- Make a focused commitment to complete this entire exercise to the best of your ability – Starting off by making a commitment is an important step because it puts positive pressure on yourself to follow the entire process. Following the entire process gives you access to the entirety of the positive results. Your first step in this exercise is simply to write (either on paper or via computer) the following sentence “I, NAME, have committed to following this entire exercise one time to the best of my ability.” Don’t worry, there are no tricks here, this exercise is valuable but straightforward.
- Choose one important task that you want to get done – While you can choose any task that you deem is important, you will likely receive the most value from picking a known task that has both been on your mind as a to-do item and one that you believe will generate a positive outcome for you. Your second step is to write the title of that task under the commitment you made in step one.
- Go somewhere where you can eliminate distractions – Go to a place that you know will be quiet for the next hour or longer. If this is not possible, find earplugs or headphones. Remove, turn off or cover any visual screens, windows or devices that you believe might distract you.
- Actively eliminate distractions – Let it be known to others that you are seeking privacy. This can be done with a handwritten sign or simply by telling others that you need some time to focus and work. Lastly, silence any devices you may have with you. If a computer is required to do your task and you absolutely need Internet access, promise yourself that you will not succumb to distracting websites or services throughout the duration of this exercise. You can, however, visit these distracting websites during your break time that is described in step 9.
- Turn on some music to promote focus – Use lyric-less, calming music to help drive and maintain the focus you will need. You can find free focus music here: (Free classical music playlist, Free trance music playlist)
- Break your important task into sub-tasks – In order to make your important task more manageable, break it down into the required steps for completion. For example, if your self-assigned task is to pay your phone bill, make a list of the required sub-tasks. In this example, these might be finding the URL or mailing address for the phone company, determine how much money is owed, pick a payment method, send payment method to phone company.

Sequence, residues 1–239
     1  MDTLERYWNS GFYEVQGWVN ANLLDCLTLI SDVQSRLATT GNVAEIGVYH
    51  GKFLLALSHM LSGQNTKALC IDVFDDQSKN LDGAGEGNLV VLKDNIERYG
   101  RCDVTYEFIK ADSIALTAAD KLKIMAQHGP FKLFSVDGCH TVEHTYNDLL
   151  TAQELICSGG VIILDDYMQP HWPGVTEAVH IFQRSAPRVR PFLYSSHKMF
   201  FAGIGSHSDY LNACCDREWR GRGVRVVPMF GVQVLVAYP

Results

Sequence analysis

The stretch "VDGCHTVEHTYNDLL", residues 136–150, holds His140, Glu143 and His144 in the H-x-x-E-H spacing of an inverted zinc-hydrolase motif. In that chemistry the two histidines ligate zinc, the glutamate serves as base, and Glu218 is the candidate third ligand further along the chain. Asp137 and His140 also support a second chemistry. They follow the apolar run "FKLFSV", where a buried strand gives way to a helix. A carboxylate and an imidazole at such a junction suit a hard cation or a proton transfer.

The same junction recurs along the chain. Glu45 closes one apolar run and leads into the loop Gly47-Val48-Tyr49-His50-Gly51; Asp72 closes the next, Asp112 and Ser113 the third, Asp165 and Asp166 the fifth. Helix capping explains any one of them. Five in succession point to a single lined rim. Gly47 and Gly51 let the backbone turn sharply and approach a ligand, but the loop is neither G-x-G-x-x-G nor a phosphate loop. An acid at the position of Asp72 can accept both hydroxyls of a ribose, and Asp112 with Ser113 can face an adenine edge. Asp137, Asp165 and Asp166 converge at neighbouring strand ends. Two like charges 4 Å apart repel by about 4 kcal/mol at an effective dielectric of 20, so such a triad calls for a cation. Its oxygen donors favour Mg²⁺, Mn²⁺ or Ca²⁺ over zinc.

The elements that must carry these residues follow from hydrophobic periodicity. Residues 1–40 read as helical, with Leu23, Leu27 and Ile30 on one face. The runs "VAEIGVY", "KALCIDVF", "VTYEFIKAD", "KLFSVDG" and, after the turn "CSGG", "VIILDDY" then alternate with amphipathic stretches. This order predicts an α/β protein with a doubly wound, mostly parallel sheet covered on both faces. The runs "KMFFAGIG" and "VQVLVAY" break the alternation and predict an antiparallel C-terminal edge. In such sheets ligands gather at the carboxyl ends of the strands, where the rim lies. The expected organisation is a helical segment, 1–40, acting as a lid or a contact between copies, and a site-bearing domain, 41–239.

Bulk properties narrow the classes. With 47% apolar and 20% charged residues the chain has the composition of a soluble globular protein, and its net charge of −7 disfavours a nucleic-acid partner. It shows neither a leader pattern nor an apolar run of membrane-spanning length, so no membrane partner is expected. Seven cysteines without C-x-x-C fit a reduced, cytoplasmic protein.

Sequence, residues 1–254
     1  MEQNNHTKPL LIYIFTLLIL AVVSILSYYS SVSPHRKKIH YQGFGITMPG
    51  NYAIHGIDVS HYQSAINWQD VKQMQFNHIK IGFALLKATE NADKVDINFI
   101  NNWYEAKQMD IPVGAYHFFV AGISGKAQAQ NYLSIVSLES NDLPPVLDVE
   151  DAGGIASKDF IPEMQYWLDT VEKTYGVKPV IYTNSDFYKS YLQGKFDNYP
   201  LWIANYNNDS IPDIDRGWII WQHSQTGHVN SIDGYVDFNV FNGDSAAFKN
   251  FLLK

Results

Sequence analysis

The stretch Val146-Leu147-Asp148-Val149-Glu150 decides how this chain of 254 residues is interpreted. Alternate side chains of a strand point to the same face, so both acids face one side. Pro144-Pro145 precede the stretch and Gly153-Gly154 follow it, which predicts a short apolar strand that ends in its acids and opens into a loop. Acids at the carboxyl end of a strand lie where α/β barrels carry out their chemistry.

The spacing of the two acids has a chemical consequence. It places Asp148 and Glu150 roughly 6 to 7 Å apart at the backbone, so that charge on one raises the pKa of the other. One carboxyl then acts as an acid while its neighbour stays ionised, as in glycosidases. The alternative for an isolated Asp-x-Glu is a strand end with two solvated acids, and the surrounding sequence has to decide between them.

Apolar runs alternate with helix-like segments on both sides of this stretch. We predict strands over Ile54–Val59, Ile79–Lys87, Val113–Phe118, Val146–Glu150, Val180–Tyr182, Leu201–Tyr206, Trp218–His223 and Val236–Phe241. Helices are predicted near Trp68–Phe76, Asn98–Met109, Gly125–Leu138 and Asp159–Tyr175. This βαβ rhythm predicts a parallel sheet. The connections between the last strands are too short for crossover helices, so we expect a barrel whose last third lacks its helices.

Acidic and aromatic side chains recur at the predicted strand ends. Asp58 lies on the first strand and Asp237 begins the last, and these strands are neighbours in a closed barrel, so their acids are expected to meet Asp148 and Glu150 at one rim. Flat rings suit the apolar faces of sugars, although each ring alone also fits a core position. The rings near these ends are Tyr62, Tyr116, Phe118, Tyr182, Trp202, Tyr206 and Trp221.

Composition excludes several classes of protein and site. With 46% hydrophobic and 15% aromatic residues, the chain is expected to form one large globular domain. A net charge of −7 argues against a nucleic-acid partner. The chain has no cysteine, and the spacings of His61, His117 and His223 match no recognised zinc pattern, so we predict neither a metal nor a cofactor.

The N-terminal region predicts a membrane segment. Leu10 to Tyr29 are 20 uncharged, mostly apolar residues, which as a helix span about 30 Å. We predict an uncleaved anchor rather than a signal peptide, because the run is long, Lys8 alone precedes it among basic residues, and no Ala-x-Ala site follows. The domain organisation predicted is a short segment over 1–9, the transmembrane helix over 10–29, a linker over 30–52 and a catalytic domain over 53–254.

- Set a timer for 25 minutes – 25 minutes is not an arbitrary number. It comes from a very simple and popular productivity method called the Pomodoro technique. The Pomodoro technique is a productivity technique that breaks work commitments into segments of 25 minutes of work followed by 5 minutes of rest and distraction. This cycle, 25 on and 5 off, is then repeated as needed until the given task is completed. Google offers a free web-based timer that you can use for this purpose.
- With distractions eliminated, take the first sub-task of your important task and diligently work on it until completion or until 25 minutes have passed (whichever comes first) – This is the implementation of the Pomodoro technique.
- After 25 minutes have passed, take a five-minute break – This gives your mind a break makes this entire exercise much more manageable and maintainable. To make sure you don’t get distracted for longer than 5 minutes it is a good idea to set another timer so that you know when your distraction time has come to an end for the given cycle.